The CEO of a $3.6 billion company shares his best advice for new college grads

Bracken DarrellTEDx Talks/YouTubeBracken Darrell.

When you’re a recent grad,
everyone wants to throw advice your way. But when the CEO of a big-time company shares a few pearls of wisdom, you’ll probably want to listen.

Bracken Darrell, the CEO of Logitech, a technology accessories company with a market capitalisation of $3.6 billion, recently talked to Adam Bryant of The New York Times.

During that conversation, Darrell told Bryant that his favourite commencement address is Steve Jobs’ 2005 Stanford speech, during which the late Apple cofounder advised the graduating class to follow their passion.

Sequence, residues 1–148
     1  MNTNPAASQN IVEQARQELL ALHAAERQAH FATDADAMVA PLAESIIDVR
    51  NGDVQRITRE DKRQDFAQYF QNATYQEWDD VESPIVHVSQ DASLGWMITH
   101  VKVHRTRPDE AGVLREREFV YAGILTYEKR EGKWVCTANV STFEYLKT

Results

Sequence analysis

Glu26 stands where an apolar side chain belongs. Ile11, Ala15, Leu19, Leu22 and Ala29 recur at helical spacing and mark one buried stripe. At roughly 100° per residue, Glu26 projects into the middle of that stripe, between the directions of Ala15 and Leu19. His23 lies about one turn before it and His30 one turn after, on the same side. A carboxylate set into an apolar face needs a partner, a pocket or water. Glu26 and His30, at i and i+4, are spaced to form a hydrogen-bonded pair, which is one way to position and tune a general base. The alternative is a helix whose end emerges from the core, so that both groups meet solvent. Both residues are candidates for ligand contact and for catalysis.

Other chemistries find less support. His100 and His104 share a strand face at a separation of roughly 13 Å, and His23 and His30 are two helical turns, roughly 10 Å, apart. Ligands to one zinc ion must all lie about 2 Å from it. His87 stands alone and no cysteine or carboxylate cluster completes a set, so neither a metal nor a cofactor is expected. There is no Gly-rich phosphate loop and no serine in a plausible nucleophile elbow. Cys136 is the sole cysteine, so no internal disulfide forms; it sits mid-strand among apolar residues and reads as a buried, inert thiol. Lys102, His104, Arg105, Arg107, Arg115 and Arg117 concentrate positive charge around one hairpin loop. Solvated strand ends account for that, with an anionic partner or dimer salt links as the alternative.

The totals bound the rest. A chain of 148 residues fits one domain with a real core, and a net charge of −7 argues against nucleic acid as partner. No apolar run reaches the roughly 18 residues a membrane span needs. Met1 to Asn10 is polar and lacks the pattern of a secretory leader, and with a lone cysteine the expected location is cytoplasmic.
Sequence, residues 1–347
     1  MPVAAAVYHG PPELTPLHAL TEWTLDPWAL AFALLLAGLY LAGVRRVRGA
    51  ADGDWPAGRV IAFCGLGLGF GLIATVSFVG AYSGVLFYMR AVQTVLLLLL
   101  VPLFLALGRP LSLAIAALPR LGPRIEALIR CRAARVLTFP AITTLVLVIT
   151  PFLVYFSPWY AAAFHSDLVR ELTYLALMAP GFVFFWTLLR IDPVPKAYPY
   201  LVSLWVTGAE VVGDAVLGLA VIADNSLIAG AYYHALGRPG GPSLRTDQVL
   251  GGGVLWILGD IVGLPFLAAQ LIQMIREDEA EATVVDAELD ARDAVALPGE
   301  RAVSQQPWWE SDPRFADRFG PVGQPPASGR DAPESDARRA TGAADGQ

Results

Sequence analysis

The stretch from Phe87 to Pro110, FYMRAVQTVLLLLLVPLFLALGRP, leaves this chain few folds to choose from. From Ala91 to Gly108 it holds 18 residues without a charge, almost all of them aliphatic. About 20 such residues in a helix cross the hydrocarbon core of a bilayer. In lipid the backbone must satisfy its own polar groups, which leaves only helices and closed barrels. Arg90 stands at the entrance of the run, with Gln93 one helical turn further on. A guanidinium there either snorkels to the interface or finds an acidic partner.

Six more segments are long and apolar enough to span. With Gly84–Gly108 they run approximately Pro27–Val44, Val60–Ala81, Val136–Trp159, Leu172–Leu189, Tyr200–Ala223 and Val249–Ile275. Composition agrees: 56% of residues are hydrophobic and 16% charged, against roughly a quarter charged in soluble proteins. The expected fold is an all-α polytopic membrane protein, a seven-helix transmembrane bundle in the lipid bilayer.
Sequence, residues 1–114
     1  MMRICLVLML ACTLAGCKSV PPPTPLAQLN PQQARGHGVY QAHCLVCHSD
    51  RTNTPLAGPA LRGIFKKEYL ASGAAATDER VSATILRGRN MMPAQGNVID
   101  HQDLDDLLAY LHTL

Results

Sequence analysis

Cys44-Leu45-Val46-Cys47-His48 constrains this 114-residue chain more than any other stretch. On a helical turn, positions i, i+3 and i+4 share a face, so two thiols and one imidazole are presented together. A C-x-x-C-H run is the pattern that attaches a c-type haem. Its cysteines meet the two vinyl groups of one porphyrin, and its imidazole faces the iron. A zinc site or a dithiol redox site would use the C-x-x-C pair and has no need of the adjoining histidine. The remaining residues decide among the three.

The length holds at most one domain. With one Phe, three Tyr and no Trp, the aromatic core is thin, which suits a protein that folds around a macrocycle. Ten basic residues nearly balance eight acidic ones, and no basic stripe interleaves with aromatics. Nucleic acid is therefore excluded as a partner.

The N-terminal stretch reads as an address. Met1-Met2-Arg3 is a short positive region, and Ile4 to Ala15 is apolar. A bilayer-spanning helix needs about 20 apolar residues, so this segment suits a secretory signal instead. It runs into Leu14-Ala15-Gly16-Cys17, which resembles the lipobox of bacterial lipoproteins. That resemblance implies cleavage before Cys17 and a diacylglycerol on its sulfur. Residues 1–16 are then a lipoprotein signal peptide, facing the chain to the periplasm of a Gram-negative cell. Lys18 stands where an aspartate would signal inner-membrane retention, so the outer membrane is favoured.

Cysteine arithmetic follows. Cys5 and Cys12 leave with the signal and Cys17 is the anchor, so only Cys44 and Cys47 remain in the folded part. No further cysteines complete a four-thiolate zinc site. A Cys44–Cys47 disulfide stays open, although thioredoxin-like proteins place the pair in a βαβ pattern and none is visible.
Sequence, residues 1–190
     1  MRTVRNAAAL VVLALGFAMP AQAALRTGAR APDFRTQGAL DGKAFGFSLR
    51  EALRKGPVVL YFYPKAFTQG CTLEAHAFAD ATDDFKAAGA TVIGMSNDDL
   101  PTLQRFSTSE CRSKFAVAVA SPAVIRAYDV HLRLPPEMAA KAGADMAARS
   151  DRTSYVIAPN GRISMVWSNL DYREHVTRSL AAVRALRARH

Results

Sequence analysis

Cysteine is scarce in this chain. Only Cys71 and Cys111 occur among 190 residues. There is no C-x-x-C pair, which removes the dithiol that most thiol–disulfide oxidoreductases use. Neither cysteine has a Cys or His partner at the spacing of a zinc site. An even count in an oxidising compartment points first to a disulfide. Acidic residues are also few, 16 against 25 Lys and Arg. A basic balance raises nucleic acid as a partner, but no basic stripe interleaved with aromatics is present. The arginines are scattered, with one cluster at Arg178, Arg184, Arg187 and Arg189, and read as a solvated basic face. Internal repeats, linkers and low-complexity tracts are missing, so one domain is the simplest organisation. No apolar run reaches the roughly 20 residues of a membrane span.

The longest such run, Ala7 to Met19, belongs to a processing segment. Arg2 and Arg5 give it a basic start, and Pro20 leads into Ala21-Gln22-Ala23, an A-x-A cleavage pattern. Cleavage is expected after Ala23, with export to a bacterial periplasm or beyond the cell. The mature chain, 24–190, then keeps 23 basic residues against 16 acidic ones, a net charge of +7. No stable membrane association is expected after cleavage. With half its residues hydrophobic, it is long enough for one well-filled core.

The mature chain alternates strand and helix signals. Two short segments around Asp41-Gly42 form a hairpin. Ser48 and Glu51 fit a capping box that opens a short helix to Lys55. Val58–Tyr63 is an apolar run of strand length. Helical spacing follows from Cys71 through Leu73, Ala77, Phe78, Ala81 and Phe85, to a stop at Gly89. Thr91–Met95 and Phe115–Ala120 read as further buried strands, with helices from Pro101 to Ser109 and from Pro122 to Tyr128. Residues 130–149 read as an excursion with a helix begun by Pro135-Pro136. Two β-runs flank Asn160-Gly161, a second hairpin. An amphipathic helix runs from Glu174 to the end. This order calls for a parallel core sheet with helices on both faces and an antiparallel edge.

“You should follow your passions, of course,” Darrell said. “The problem is that 80% of people don’t really know what their passion is.”

So, he told Bryant, he has some other pearls of wisdom he’d share with new grads:

“My first piece of advice: Just work really, really hard. It’s amazing how good life is if you work hard.

“My second piece of advice is to set goals. You know, goals are free. They don’t cost you anything, and they’re so effective. It’s about staying hungry, and setting a goal is just a way of creating hunger.

“The single thing that’s made me successful over my life, the most important one, is drive. It’s not I.Q. It’s not some luck of having social skills that somebody else doesn’t have. It’s just drive.

“I had the huge advantage of growing up with very little, and nothing really to fall back on. But you’ve got to find ways to stay hungry.”

Read the full New York Times interview here.

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